“What you have to realize is that protesting in Morocco can be difficult for anyone, but raising your voice as a woman is far more difficult.”
Amsterdam – Leaving the lonely confinements of the Dutch asylum center, Nawal Benaissa visited Amsterdam last weekend to talk about her experience as one of the most prominent faces of the Hirak-movement, which mobilized after the tragic death of fishmonger Mouhcine Fikri in 2016. Benaissa and her youngest son fled the Rif aboard a ferry to Spain and were allowed asylum by the Dutch government last month.
At ‘De Balie’, a well-known Amsterdam-based center where people are provided with a platform to raise their voice, Benaissa opened the evening. “Thank you all for coming! Before we begin I would like to express my solidarity with our brothers and sisters in the Rif who have been imprisoned and continue with their hunger strike as we speak. We have not forgotten you.”
“It is a very strange feeling having to flee your home and hearth. On the one hand, there is a sense of relief and gratitude, since I and my youngest son are right now living in safety. On the other hand, I had to leave my friends and family behind who are still in Morocco. Life in the asylum center can be tough. There is very little privacy and other asylum seekers do not understand why I left Morocco on account of my provisionary sentencing of ten months.”
After the imprisonment of Nasser Zefzafi, who took to the streets after the death of Mouhcine Fikri and spearheaded the Hirak movement until his imprisonment in 2018, a void presented itself. Who did the people in the Rif look to, to fight for their demands of social services such as schools, hospitals, and infrastructure?
“Within the media, there is an understandable tendency to describe me as a leader of the Hirak-movement, but to be completely frank with you, I don’t really regard myself as a leader, nor did I seek to embrace the role. In the beginning, I actually did not address political issues all that much. But, I have always had a strong moral urge to speak against injustice.”
Though initially overwhelmed by all the attention of the press and rather hesitant to provide any interviews to inquisitive journalists, Benaissa agreed to speak with me after the debate.
“After the death of Fikri, something changed within me,” she said.
“What you have to realize is that protesting in Morocco can be difficult for anyone, but raising your voice as a woman is far more difficult. I am not just talking about coming face to face with the police, but I have had to face up to my own parents who did not support me in my struggle because they felt it is unseemly for a woman to speak out like I do.”
Raising your voice as a woman
“Within the Rif, it is exceedingly difficult for women to leave their homes and move to another city in order to get a proper education. Illiteracy is far from a marginal phenomenon within the Rif, caused by a lack of education and exacerbates the lack of awareness among people within the region to raise their voice and bring about change. These are enraging conditions we have to put up with as women,” Benaissa said to the captivated audience.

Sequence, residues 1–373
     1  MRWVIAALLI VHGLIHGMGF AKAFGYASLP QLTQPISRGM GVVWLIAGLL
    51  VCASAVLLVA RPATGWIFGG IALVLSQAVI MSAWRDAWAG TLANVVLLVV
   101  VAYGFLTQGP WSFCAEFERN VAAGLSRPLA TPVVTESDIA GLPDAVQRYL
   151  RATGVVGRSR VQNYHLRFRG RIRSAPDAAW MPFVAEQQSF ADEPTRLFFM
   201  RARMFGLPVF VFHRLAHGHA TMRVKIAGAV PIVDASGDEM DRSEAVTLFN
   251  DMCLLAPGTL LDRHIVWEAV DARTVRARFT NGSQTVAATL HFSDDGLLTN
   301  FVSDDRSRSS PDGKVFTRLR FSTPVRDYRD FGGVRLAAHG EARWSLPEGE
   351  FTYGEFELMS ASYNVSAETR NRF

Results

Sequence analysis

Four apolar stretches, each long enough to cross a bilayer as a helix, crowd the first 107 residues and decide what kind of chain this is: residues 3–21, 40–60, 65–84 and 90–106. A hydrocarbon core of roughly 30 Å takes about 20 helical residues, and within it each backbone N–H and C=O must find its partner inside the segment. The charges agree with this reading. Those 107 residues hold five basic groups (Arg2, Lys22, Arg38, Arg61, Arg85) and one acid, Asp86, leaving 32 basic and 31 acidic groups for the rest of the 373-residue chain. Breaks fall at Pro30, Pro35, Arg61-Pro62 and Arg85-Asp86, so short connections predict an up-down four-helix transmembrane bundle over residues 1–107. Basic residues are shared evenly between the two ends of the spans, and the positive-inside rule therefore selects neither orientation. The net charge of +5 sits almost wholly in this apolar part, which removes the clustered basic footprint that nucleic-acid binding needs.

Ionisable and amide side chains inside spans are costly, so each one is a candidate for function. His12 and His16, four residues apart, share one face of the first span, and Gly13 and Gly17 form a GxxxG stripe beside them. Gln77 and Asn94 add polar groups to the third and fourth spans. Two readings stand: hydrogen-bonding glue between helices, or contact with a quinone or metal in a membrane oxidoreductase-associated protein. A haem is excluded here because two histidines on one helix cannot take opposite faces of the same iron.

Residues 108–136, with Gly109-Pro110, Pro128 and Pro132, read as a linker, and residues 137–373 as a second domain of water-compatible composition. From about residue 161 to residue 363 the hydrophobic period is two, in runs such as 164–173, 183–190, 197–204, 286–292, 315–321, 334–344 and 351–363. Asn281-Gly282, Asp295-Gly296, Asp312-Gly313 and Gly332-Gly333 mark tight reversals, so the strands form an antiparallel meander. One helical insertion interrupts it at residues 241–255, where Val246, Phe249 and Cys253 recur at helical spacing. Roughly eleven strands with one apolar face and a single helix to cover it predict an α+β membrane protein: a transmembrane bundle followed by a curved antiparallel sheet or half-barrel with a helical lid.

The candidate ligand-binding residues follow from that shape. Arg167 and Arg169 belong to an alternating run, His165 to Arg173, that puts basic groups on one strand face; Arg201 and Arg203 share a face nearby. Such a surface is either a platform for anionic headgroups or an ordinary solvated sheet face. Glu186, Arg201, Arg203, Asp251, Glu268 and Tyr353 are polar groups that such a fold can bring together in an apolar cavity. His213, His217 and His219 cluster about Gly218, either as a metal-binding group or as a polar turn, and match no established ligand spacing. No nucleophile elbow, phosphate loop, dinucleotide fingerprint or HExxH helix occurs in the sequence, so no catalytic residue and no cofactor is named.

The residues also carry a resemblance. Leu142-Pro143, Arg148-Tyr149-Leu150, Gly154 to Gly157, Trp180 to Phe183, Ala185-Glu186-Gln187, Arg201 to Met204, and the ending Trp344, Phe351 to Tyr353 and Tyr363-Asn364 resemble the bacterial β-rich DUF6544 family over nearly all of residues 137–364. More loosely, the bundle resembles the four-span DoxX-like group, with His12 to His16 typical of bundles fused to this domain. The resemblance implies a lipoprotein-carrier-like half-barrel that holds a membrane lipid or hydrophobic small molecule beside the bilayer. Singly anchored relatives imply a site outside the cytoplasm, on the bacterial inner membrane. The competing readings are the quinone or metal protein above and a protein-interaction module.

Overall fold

“I am not just looking to the Moroccan government for this, but I will remind Spain and France of their history and shared responsibility in the region. Friends of mine have died because of cancer and did not receive the proper treatment they needed. The chemical weapons that were used by both Spain and France after their defeat during the Battle of Annual in 1921, left a legacy of the highest cancer rate in all of Morocco.”
“As men, it is possible to address these injustices, but people are not used to seeing women taking such an active stance. Yet it is my belief, that in the end, women push the wheels of change.”
Benaissa’s successful asylum application to the Netherlands comes at a time when the diplomatic relationship between Morocco and the Netherlands has taken a frigid turn.
Exactly one month before Benaissa was granted political asylum in the Netherlands, two socialist members of the Dutch parliament visited the parents of Nasser Zefzafi in Al Hoceima. Shortly thereafter they published a report about the state of the Rif, urging for the release of Hirak prisoners.
“This is absolutely unacceptable. Morocco is a sovereign country and we do not accept any interference of any party in its internal affairs,” spokesperson of the Moroccan government, Hassan Abyaba said in response to the publication of the report.
The Minister of Foreign Affairs, Nasser Bourita added: “This is not a diplomatic question, and cannot be subject to a diplomatic discussion; it is an internal affair and under no circumstances can it be dealt with through discussions.”
A just cause
The national council compiled the report between November 2019 and March 2020 after interviewing several families and stakeholders around Al Hoceima, detailing the transition of the Hirak from peaceful protests in the beginning to another stage marked by the use of violence.
The report was met with criticism within the region. Ahmed Al-Zefzafi, the father of Nasser Zefzafi, criticized the CDNH report and Khaled al-Bakkari, a human rights activist, decried the report as “unprofessional,” as reported by Hespress.
Where is papa?
No longer able to actively participate in the Hirak movement, but forced to look from afar, I asked her the concluding question: Would you ever consider going back to Morocco one day?
“Sometimes my son wakes up in the middle of the night and asks me ‘where is papa?’ It is moments like these in which I wonder, ‘what have I done?’ “But in the end, our cause is just and worth fighting for. Perhaps I will return one day to Morocco, but I do not think that will be any time soon”.